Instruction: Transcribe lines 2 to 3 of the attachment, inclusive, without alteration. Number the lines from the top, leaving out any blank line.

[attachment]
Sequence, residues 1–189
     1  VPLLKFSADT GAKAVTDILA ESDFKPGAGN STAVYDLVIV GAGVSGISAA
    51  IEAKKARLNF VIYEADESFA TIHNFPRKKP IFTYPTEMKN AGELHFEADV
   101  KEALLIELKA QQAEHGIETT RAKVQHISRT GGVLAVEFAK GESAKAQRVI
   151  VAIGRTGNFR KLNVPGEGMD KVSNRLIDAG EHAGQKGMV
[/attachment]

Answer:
     1  VPLLKFSADT GAKAVTDILA ESDFKPGAGN STAVYDLVIV GAGVSGISAA
    51  IEAKKARLNF VIYEADESFA TIHNFPRKKP IFTYPTEMKN AGELHFEADV